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Longevity is a life-history trait that is shaped by natural selection. An unexplored consequence is how selection on this trait affects diversity and diversification in species assemblages. Motivated by the diverse rockfish (Sebastes) assemblage in the North Pacific, the effects of trade-offs in longevity against competitive ability are explored. A competition model is developed and used to explore the potential for species diversification and coexistence. Invasion analyses highlight that life-history trait trade-offs in longevity can mitigate the effects of competitive ability and favour the coexistence of a finite number of species. Our results have implications for niche differentiation, limiting similarity and assembly dynamics in multispecies interactions.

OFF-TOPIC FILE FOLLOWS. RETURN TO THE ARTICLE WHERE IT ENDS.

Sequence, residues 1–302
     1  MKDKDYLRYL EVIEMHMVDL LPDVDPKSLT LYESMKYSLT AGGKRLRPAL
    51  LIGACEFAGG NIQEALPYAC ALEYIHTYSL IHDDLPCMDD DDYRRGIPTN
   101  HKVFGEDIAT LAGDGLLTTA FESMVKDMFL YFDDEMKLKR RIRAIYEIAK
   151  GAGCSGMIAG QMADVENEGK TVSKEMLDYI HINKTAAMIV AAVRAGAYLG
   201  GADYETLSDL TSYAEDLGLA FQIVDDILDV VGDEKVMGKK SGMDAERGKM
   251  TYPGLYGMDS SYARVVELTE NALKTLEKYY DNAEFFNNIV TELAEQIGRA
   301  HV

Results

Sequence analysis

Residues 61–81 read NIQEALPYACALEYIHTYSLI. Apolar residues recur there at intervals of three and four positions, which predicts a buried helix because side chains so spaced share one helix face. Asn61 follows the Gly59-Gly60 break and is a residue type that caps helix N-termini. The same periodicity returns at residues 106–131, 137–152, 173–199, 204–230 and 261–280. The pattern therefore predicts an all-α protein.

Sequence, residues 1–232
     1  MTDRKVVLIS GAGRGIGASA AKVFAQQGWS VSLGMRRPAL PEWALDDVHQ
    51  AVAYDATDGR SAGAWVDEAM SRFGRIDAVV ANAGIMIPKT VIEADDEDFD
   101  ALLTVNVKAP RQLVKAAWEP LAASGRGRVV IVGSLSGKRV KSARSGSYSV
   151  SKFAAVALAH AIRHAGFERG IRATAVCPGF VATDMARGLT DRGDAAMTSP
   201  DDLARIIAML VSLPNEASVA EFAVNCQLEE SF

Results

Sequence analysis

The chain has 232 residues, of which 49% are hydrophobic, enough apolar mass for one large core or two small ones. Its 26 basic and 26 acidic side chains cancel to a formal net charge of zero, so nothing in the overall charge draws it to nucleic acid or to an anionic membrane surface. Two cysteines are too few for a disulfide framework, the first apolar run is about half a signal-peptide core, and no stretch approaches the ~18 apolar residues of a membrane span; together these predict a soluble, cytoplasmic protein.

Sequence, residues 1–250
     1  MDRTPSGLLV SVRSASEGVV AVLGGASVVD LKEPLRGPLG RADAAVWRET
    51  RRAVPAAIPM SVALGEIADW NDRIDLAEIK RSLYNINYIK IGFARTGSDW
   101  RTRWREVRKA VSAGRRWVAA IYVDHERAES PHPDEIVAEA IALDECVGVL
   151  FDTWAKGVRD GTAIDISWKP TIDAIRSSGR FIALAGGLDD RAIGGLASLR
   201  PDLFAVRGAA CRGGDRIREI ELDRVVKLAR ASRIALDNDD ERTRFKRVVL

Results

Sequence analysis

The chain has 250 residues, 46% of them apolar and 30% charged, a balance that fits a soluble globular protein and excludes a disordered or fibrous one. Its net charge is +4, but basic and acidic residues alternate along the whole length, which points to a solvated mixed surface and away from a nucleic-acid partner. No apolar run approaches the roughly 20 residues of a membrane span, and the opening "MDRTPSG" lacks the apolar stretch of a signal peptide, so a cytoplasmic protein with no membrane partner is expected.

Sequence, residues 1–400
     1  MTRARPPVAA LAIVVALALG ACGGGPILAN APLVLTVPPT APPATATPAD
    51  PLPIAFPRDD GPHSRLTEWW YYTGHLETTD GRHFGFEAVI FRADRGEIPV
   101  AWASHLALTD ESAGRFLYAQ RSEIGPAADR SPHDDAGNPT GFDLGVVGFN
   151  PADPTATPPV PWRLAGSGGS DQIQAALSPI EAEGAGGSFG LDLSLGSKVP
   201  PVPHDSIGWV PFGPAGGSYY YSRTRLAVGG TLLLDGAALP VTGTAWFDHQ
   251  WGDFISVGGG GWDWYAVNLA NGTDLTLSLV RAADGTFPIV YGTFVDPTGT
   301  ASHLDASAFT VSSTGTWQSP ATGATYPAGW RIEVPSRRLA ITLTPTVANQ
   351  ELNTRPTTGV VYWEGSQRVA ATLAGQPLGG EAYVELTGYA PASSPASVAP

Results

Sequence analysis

Original publication




Journal article


Proc Biol Sci

Publication Date





1143 - 1150


Animals, Biological Evolution, Competitive Behavior, Ecosystem, Energy Metabolism, Environment, Fishes, Longevity, Models, Biological, Mutation, Selection, Genetic, Species Specificity